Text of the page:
A hernia, also known somewhat misleadingly as a rupture, is an abnormal protrusion of the peritoneum through a hole in the abdominal wall in the area of an anatomically existing or newly developed weak point in the connective tissue. Contents of the abdomen (e.g. intestine) may force themselves out through such holes. The genetically determined quality of the connective tissue appears to play a decisive role in this – which is a focus of further research. However, it certainly influences deliberations when choosing what type of procedure to use for corrective surgery.

The most common type is the inguinal hernia, but ruptures with protrusions can also be found in the umbilical area, above the stomach or near scars from abdominal surgery, as well as in rarer locations.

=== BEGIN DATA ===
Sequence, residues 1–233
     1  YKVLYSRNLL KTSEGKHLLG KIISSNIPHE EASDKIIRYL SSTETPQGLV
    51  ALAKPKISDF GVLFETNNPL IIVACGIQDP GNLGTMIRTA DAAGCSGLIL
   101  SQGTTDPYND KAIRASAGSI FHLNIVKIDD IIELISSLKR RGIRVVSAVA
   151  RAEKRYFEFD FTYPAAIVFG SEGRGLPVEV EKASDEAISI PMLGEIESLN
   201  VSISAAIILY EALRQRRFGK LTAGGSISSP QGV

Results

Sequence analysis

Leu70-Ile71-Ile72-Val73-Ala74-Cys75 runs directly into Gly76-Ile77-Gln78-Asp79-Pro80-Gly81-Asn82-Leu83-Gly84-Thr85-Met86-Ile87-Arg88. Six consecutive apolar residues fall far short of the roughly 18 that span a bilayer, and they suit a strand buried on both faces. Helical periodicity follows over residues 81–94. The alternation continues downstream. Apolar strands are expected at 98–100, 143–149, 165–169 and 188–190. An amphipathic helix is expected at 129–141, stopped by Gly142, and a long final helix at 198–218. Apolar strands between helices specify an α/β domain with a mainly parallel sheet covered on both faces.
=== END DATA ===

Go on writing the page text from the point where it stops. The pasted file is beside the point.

The subjective appearance of cases ranges from no discomfort (coincidental diagnosis during an unrelated examination) to visible and palpable bulges, a sensation of pressure and entrapment, pain and difficulty when repositioning the protruding organ, acute entrapment and emergency operations.

Corrective surgery closes the hole, whether by suturing the existing tissue or – as is becoming more common – strengthening it with a mesh insert.